Modeling the thermal evolution of fault-controlled magma emplacement models: Implications for the solidification of granitoid plutons

Aaron S. Yoshinobu, David A. Okaya, Scott R. Paterson

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62 Scopus citations

Abstract

A two-dimensional finite difference model is used to simulate the conductive thermal regime attending construction and maintenance of a continental magma chamber by intrusion of granite dikes into granodiorite host rocks displaced at various spreading rates. Final intrusion shapes include tabular, square, and vertical rectangular bodies emplaced in the shallow crust (5-15 km) and tabular bodies emplaced in the middle crust (15-20 km) fed by dikes with widths of between 20 and 100 m. The formation of a steady-state chamber is defined as the point at which the ambient temperatures surpass the intrusion solidus forestalling the solidification of subsequently intruded material. For spreading rates <10 mm year-1, construction of a steady-state magma chamber in the shallow crust took 260 ka (rectangular), 360 ka (square), and 1 Ma (tabular), whereas in the mid crust a steady state was reached in less than 30 ka (tabular). At faster spreading rates (25 and 50 mm year-1) ambient temperatures pass the solidus isotherm forming a steady-state reservoir within 55 ka, depending on intrusion depth and size. For 10-25 mm year-1 spreading rates, sheeted dikes make up from 10 to 100% of the intrusion. The thermal modeling supports the following conclusions: (a) episodic magma emplacement into a fault-controlled setting is a thermally viable means of constructing a steady-state chamber at moderate to fast spreading rates only if the duration of faulting and intrusion are long enough to elevate ambient temperatures above the intrusion solidus, (b) isotherms will migrate outward during successive intrusion before coverging back on the center of the intrusion after chamber construction, (c) the margins of most intrusions formed by this scenario should contain sheeted dikes, (d) the solidus isotherm, and thus the solidification front that it tracks, will become progressively curviplanar during the construction of the magma chamber and will not represent the initial shape of the intrusions (i.e. sheets), (e) the steady-state chamber will be smaller than the total intrusion dimensions, and (f) magmatic fabrics will form diachronously and not always parallel to sheet margins as they track the migrating solidification front. Because it is unlikely that most large intrusions formed instantaneously, the effects of continued addition of heat on the migration of solidification fronts may have significant implications for magmatic processes in many emplacement scenarios.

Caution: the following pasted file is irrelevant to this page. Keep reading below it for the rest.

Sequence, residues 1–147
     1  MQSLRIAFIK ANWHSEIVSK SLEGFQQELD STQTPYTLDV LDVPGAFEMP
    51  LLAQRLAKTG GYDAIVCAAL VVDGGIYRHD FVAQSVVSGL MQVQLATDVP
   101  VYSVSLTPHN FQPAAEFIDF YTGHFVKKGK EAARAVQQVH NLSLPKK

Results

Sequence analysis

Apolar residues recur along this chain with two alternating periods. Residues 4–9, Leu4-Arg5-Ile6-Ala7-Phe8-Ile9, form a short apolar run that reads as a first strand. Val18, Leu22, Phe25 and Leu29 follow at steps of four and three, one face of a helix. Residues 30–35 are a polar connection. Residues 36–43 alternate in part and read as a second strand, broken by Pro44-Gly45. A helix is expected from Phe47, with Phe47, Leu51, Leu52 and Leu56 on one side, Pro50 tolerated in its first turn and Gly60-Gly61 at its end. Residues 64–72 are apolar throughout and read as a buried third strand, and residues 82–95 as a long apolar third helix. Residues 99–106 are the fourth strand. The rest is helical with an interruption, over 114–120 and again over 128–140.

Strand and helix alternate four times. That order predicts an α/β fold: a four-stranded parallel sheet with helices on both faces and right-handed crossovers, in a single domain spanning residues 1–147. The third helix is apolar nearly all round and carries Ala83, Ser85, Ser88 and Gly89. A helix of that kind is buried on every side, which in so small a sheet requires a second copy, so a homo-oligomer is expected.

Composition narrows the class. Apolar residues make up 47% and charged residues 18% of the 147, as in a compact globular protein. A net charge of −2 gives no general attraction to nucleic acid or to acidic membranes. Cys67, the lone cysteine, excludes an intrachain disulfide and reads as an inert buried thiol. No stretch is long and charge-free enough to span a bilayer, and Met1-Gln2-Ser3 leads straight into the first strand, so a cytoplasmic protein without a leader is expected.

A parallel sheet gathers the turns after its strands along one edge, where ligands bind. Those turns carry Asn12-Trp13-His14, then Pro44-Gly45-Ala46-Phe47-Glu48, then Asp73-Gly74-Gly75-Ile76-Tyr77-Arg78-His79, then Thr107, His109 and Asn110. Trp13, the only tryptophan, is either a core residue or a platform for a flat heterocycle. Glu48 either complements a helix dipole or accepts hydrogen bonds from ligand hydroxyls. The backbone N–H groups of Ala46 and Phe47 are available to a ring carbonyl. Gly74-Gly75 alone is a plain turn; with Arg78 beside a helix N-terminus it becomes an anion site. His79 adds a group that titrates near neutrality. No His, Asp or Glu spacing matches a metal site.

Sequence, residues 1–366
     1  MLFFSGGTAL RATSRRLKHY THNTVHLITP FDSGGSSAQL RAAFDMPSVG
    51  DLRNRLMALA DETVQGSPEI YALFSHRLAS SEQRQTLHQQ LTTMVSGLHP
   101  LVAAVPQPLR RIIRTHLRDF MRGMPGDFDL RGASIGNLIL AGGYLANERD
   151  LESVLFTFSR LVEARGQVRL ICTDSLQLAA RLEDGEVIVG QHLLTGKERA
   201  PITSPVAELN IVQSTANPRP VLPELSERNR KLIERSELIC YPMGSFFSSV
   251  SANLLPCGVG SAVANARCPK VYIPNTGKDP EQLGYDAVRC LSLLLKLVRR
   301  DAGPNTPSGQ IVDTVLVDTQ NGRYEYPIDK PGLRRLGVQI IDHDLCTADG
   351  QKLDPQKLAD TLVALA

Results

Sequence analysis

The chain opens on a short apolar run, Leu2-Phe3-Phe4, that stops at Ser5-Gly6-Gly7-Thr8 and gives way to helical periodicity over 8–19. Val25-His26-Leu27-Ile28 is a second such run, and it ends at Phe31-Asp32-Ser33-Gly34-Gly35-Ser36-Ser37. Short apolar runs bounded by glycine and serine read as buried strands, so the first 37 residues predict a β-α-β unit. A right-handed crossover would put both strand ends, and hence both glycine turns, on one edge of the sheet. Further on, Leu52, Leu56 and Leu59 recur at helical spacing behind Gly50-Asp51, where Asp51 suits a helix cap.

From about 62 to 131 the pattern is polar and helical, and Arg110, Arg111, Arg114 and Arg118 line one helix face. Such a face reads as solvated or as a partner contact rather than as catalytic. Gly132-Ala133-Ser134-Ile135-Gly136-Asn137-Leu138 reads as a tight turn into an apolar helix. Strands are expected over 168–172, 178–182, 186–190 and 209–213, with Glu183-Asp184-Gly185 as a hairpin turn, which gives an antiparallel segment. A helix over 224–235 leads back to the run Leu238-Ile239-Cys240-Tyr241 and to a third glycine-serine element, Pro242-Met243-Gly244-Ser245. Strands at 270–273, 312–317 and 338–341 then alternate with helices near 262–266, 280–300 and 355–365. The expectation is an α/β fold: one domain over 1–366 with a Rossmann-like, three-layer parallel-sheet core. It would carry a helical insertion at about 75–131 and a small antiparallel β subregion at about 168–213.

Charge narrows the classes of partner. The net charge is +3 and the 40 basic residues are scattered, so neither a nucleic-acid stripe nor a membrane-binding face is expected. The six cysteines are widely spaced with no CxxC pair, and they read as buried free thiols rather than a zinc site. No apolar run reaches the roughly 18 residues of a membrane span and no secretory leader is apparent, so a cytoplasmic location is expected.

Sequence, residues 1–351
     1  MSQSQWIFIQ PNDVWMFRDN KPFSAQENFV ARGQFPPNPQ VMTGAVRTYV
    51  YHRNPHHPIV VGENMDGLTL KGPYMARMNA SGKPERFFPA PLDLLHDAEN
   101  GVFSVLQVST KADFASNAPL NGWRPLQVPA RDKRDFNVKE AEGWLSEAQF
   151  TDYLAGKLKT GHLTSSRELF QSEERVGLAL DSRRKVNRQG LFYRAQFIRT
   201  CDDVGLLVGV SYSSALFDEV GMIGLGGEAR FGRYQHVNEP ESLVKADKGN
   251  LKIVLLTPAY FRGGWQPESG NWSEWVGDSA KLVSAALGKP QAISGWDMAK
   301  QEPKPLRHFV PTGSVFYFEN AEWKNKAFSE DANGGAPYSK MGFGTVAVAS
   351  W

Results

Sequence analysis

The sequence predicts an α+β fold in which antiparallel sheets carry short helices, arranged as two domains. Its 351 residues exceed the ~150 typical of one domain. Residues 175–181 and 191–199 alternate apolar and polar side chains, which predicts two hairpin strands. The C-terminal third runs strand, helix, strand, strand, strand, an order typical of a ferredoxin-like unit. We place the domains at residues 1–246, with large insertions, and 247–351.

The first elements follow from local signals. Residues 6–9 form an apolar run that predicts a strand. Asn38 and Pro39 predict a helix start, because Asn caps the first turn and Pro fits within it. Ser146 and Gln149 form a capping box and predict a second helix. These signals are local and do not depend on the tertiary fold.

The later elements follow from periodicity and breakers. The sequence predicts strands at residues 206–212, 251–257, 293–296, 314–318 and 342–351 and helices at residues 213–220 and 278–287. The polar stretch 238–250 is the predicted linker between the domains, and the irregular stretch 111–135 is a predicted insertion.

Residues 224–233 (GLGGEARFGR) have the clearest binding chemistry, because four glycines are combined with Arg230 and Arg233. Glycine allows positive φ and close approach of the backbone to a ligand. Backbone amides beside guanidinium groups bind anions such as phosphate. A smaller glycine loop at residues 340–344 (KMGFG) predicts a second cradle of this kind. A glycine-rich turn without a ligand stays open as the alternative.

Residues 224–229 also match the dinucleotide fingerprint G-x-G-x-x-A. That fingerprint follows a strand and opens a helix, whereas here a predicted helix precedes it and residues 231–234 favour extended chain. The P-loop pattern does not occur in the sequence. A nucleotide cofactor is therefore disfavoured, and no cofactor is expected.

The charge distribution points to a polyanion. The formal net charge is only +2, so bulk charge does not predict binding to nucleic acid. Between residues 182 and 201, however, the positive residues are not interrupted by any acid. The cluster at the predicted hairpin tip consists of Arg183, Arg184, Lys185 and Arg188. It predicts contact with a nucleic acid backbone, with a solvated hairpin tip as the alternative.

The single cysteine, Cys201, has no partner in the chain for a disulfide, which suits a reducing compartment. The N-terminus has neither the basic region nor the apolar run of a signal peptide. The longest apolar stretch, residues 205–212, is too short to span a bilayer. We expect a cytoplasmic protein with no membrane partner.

Original languageEnglish
Pages (from-to)1205-1218
Number of pages14
JournalJournal of Structural Geology
Volume20
Issue number9-10
DOIs
StatePublished - Sep 1998

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